Researchers in Sweden and Italy have derived an equation that illustrates how van der Waals radii and electronegativity relate to each other as a function of pressure.1 ‘This connection has been implied for a very long time; it’s very intuitive in a way. If electrons are closer to a nucleus they are more bound and the atom is both smaller and more electronegative,’ says Martin Rahm of Chalmers University of Technology, Sweden, who led the study.

In previous work,2,3 Rahm and his colleagues used density functional theory combined with the extreme pressure polarisable continuum model to calculate van der Waals radii and electronegativity for 93 atoms at pressures from 0 to 300GPa. They recently compiled these data, along with spins and ground state electronic configurations, into an app. Pressure is known to induce transitions of the ground state electronic configuration of many atoms, and their Atoms-under-pressure app highlights the sharp discontinuities predicted in atomic radii and electronegativity at such transitions. Through exploring the criteria for non-bonded atoms transitioning at a given pressure between competing electronic states, Rahm’s team has now derived an equation relating atomic radius and electronegativity. They say this expression can, for example, help rationalise how reducing an atom’s oxidation state under ambient conditions decreases its electronegativity, and vice versa upon oxidation.

An image showing an equation

Source: © Martin Rahm/Chalmers University of Technology

This equation tells us to expect decreases in electronegativity when the radii of an atom is decreased under constant pressure. Electronegativity also decreases as electron–electron repulsion, quantified by ΔEee, increases

Other scientists have reported frameworks that relate electronegativity to atomic radii under pressure, but Rahm says that these are often only applied to a few atoms – not systematically across the periodic table, and usually don’t provide given pressures. ‘We’ve paid a lot of attention to having a model that corresponds to something measureable, and we give these properties at a given pressure,’ he explains. Rahm envisages researchers might use his team’s dataset in areas such as high-pressure structure prediction (eg to derive a good starting approximation for the unit cell volume), for defining molecularity in compressed systems, identifying bonded atoms and for property prediction. Though he acknowledges it may be harder to use atomic properties under compression: ‘The degree to which bonding messes with your rationales is what’s going to determine how useful they are.’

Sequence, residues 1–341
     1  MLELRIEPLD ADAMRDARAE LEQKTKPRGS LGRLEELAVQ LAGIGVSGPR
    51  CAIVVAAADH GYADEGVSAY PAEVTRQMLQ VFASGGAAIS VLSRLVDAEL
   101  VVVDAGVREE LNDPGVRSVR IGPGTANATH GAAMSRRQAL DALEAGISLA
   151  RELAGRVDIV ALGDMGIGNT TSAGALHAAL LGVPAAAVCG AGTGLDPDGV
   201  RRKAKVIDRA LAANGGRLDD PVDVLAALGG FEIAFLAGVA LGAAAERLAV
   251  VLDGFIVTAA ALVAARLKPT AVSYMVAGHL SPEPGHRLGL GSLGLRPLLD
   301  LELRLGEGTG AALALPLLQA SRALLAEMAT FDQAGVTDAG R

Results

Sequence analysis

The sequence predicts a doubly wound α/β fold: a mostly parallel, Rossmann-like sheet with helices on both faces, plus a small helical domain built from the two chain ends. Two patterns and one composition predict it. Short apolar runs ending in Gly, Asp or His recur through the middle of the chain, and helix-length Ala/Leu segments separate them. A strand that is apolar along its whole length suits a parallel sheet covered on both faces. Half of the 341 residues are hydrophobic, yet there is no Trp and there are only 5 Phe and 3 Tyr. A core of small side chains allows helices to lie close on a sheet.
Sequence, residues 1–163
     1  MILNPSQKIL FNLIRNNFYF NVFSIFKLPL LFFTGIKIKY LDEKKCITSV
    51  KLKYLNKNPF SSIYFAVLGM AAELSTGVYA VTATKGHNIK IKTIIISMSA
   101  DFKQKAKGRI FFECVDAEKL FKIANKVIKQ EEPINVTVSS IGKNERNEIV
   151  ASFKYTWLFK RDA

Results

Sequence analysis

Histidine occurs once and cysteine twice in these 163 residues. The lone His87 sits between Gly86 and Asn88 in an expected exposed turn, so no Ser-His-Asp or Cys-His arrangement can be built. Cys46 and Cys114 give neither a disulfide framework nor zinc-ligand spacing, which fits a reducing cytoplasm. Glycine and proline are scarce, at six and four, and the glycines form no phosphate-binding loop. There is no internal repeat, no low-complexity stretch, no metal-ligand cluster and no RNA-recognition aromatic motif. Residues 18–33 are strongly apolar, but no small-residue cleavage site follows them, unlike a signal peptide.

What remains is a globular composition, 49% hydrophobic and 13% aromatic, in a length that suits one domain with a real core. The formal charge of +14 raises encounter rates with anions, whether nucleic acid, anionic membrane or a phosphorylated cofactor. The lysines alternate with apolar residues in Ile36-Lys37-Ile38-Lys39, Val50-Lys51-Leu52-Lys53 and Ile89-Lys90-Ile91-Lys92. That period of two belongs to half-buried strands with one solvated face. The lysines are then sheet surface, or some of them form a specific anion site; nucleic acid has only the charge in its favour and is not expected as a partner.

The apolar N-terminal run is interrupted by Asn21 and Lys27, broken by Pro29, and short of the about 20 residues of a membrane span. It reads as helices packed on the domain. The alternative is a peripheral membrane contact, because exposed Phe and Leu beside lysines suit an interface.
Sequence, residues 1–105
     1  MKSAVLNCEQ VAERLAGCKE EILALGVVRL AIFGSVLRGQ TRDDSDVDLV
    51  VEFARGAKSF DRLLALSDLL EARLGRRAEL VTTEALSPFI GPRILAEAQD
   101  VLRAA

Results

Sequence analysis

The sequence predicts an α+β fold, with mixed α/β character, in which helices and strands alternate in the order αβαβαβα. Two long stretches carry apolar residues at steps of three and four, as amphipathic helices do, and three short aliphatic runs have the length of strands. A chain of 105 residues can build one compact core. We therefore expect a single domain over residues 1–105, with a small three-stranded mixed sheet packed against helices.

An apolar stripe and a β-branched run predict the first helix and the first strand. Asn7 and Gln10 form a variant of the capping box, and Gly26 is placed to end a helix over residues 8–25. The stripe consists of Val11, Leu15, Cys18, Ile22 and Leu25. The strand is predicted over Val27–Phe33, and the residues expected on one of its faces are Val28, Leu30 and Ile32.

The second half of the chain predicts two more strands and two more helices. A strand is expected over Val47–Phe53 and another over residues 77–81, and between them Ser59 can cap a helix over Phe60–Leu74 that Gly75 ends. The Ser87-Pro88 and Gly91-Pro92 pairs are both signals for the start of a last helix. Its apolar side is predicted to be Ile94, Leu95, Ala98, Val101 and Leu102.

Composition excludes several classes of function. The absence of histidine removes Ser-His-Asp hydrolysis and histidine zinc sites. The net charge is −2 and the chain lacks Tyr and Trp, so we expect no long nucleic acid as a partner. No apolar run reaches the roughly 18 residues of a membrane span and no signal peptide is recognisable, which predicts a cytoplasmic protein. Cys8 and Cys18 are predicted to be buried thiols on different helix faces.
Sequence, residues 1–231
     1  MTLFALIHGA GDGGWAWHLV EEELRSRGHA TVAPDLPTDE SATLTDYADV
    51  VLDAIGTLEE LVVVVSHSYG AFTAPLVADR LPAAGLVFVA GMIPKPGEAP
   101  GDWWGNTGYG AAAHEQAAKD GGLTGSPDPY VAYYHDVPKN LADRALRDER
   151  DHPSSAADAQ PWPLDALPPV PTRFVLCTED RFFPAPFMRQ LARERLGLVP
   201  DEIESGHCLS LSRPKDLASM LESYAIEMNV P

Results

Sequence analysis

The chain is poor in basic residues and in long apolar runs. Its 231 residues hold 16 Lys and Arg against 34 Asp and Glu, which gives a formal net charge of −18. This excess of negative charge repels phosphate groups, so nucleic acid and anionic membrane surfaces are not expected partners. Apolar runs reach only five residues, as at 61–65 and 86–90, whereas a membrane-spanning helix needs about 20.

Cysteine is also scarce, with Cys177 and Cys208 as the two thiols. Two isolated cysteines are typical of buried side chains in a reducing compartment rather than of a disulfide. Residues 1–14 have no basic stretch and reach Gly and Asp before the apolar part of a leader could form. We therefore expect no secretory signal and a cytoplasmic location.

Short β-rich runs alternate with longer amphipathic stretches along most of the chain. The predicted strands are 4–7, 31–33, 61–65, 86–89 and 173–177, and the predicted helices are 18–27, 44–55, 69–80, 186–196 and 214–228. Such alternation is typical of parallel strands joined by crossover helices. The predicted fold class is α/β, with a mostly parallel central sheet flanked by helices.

A scheme showing an iron atom

Source: © Martin Rahm/Chalmers University of Technology

In this example, the Fe atom is predicted to contract its radius from 1.68Å to 1.63Å at a pressure of 30GPa. Here, the corresponding energy change equals0.43eV. In the second transition, the Fe atom shrinks by a similar magnitude from 1.38Å to 1.31Å. Because of a higher pressure at the second transition, the corresponding energy change is, however, considerably larger, 1.95eV

‘It is an important contribution,’ says computational chemist Pratim Kumar Chattaraj from the Indian Institute of Technology Kharagpur. However, Chattaraj cautions that ‘structure, bonding and reactivity undergo a drastic change in a confined condition. Variation in all the atomic or molecular properties may not follow the same trend and hence the related correlations valid in the free state may not be true in a confined situation.’